What technology would PR companies, the police, and the paparazzi want to get their hands on?
It's delivery that basically sends raw images from a video camera direct to the consumer. It is a service from ShootLive, news agency for the digital age based in Nottingham, UK. The ShootLive service was used in the coverage of David Beckham's game in July.
Why does this change the game? Because of the need for speed. In journalism and in PR, or even in law enforcement, seconds make a difference. The scoop, the intervention of a criminal, the ability to relay instantaneous pictures of a tragedy such as an earthquake can impact lives.
Images from camera are streamed (as an XML feed) to a mobile phone in less than 60 seconds, the company says. What I like about all this is it doesn't make the end-user jump through hoops to receive it. Images could arrive as a multi-media text alert.
What could this do for marketing? Apart from the obvious ones that ESPNs of this world will jump onto, and be able to monetize, marketers could get users to opt-in to premium content. Think: Olympics, stage acts such a Live Earth, and even regional ones. The McDonald's and IBM's could sponsor XML feeds . Down the line when the genie is out of the bottle, cell phone carriers will use the technology too. Already, AT&T has a similar service called VideoShare where subscribers could stream video with a camera phone to another phone --while talking! These are both low-end ($29.99 and $79.99) Samsung phones not some souped-up smart varieties.
As a freelance writer I get pitched a lot. I don't hit the delete
key unless it's totally irrelevant. But I have to say there are several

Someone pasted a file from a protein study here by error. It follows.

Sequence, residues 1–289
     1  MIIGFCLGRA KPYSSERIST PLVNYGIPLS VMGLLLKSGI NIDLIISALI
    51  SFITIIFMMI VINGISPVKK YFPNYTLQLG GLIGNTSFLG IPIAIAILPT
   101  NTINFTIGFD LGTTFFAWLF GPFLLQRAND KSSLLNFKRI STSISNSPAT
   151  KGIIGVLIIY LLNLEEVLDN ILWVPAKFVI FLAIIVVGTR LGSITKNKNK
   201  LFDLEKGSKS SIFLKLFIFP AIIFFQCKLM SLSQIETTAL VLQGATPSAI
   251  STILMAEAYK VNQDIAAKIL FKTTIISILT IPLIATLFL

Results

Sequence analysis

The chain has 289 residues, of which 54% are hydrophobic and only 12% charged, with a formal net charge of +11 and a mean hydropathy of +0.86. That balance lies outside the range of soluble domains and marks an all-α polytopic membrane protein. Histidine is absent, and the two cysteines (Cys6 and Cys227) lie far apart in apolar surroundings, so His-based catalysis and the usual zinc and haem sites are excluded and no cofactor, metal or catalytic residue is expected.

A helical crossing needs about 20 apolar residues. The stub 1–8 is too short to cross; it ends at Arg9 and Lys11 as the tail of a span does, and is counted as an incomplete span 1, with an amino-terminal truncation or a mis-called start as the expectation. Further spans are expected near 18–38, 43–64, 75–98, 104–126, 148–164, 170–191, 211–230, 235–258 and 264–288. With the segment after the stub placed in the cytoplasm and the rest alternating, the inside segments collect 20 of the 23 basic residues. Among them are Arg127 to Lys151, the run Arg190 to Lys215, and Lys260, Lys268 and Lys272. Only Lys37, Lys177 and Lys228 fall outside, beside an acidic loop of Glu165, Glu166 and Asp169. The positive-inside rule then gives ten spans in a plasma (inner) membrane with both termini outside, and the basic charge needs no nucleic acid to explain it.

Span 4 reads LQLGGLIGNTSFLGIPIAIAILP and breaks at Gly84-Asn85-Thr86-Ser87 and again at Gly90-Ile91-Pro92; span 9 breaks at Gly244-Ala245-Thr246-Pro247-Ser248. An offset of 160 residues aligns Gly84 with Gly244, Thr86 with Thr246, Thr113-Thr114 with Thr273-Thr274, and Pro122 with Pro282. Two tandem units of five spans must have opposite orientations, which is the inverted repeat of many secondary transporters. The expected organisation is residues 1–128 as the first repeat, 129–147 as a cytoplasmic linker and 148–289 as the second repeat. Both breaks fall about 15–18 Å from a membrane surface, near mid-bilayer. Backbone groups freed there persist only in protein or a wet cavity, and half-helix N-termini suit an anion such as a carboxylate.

people who do take the time to ask if whom they represent is relevant,
and they do their homework.
I had a pitch from a PR firm in the UK recently that really stood
out. He promised he wouldn't flood my inbox, and offered an RSS feed as
an alternative --something I opted for.
On a macro scale, how do you get to know an organization, its
priorities, its strategic goals?
On Wednesday I was asked by a local firm
to speak to a group of incoming account managers about strategic
thinking and solutions selling. I used an example of how as
'transparent' as it may seem, a company's web site is the last place
you'll find that kind of useful information. A Google search would be a
hit or miss, unless you find a corporate blogger giving the inside
scoop. Nor would a site map reveal the inner working groups, the nodes
and the unofficial networks. Taking time to get to know this
"inner-net" means putting our digital smarts aside, and falling back on
our analog skills. I use the phrase "Think digital, act analog" (first
used by Guy Kawasaki, I believe) to illustrate the point.
A good article on this also appeared in Fortune magazine
last month (titled "The hidden workplace.") "There's the organization
chart," it said. "And then there's the way things really work."
Bottom line: Take time to understand the analog networks. These power brokers, access points, nodes and human routers may not have a LinkedIn profile, but they sure make things happen!
Psst. Did you hear? Second Life is getting bad press. Ever since Businessweek magazine
did a cover story on SL last year, there has been nothing but good buzz
about the place. After all the IBM's and Coca-Colas have all
established a presence there. But the question marks are beginning to
appear. (Note I didn't say 'cracks').
Technology Review (subscription required) on the other hand has a very interesting analysis called Second earth --the possible mash-up between Google Earth and Second Life.
My take: It's way too early to pass judgment on Second Life.
Critics are quick to use ROI thinking to evaluate the impact of a 3D
experience on business. For now the shine is off the rose. But we've
seen that happen before, haven't we? Anyone remember Friendster?
Like it or not, the web will soon incorporate features of these 3D worlds. Trends such as geocoding, mobile
optimization, and our appetite for for on-demand information will create this world --with or without goofy avatars.
5. Taking story #3 to its logical conclusion, how about using a social network to get to know your dog's owners? Technology Review magazine had a story about how your dog's FaceBook-like page (called a PetWork, I kid you not!) could enhance your social life.
A story in the Arizona Republic
yesterday about a Tucson company creating graveside memory capsule may